Deconstructing Self-Plagiarism: Is It Still Plagiarism?
Plagiarism means copying someone else’s content and claiming it as our own for a different purpose – or at least that’s what we have drilled in our heads. You can see now why so many people are confused by the word “self-plagiarism.” Technically, you are the one who wrote that paper – so shouldn’t you be able to use it for more than one purpose?
Here’s a simple answer to that: No. Plagiarism of your own work also goes under the names of “recycling fraud,” “reuse” “or duplicate publication,” and it means that you are repurposing your own content for something that it wasn’t originally intended for. It raises many ethical dilemmas, and for a good reason.
Think of it this way: If you were a professor and asked a student to turn in a paper on a certain topic, wouldn’t it annoy you if you received a paper they previously turned to another professor? Basically, they put zero work into your course. Now, where’s the advantage in both circumstances? None, whatsoever.
Ethical Issues of Duplicate Publications
It is true that plagiarising yourself isn’t as black and white as regular plagiarism – since, in a way, it’s still your own work there. A lot of debate is going on here around this topic: some believe it should be okay while others find it unethical and unfair.
Here’s an idea. Suppose you agreed for the student to hand in the paper he or she wrote for their previous professor. Technically, it should be ok, since the subject is the same. But no teacher ever gives the same information during classes, which means that you may have taught something that the other professor didn’t. However, since your student knew they could turn in their other paper, they wouldn’t review your material.
So how fair would that be for your other students who would have to go through every piece of information while the other one is just chilling with no actual assignment to do? If I were one of those “other students,” I’d surely be annoyed by this – as annoyed as I’d be if someone plagiarized my work.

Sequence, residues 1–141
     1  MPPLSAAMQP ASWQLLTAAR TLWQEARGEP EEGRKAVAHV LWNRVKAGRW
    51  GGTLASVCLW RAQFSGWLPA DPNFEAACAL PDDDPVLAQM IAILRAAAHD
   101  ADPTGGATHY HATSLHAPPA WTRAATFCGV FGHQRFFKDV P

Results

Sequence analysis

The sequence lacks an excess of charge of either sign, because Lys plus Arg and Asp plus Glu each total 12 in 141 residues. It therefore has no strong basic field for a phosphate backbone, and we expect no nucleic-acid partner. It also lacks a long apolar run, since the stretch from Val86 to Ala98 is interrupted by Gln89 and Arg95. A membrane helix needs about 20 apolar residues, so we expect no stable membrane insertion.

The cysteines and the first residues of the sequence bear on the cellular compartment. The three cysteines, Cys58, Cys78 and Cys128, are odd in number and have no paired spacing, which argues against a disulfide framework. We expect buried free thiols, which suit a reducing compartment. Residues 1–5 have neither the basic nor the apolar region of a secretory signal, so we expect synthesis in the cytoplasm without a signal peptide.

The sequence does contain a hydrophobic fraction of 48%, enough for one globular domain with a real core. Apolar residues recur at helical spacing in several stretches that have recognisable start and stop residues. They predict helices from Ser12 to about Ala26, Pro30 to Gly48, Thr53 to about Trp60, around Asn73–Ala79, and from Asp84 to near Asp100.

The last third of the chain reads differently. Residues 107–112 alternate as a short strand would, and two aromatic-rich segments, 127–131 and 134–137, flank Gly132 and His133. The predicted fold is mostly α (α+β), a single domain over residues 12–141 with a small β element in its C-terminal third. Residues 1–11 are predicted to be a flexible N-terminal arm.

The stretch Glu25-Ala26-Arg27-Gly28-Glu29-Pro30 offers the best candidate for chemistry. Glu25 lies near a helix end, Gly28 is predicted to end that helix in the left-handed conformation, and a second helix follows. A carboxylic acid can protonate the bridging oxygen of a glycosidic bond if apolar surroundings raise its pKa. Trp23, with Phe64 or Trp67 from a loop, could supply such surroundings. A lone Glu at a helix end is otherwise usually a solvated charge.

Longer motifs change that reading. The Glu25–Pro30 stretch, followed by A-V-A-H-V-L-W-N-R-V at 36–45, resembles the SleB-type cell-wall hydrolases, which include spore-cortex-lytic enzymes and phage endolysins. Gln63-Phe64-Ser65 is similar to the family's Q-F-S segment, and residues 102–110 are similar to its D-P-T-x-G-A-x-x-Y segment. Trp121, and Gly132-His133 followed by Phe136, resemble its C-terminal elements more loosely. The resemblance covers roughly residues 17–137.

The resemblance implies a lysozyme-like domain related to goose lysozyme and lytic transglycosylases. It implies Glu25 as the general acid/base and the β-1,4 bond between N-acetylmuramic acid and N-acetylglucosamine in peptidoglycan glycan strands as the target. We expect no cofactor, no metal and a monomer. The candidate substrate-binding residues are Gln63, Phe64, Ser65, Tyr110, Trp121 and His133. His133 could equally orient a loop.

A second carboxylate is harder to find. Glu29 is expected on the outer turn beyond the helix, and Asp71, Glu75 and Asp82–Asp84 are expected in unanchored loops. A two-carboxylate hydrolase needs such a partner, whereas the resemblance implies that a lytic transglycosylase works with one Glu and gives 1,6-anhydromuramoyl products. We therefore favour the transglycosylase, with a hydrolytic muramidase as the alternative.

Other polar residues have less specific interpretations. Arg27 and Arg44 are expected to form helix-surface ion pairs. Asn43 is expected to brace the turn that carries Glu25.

Each student is required to put in an equal amount of work, so copying your paper should not be an option. Different professor means a different teaching style. And a different teaching style means the need for a different paper.
Software Detects Self-Plagiarism
If you are asking the question “can you plagiarise yourself,” here’s another idea for you: the moment you turn in a paper, it is generally checked with plagiarism software. If the paper is original, then it’s all great; you passed with flying colors. But even if professors might forget the papers that they’ve seen or read, plagiarism software won’t forget.
And if the anti-plagiarism software remembers that once upon a time, a paper with the same content has been turned in, how do you think that’s going to show on the screen? DING DIIING! 100% plagiarized. The software won’t care that the same string of letters was still yours. All that it will care about is that you were too lazy to write your assignment, so you turned an old paper in instead.
Plagiarizing your own work may not be 100% typical plagiarism, but it’s still plagiarism. You may not be copy-pasting someone else’s work, but you are copying something that already exists in a database with the purpose of using it for something else.
It’s frowned upon, it’s unfair, and you have nothing to gain by plagiarizing your own work – so you may as well write it from scratch.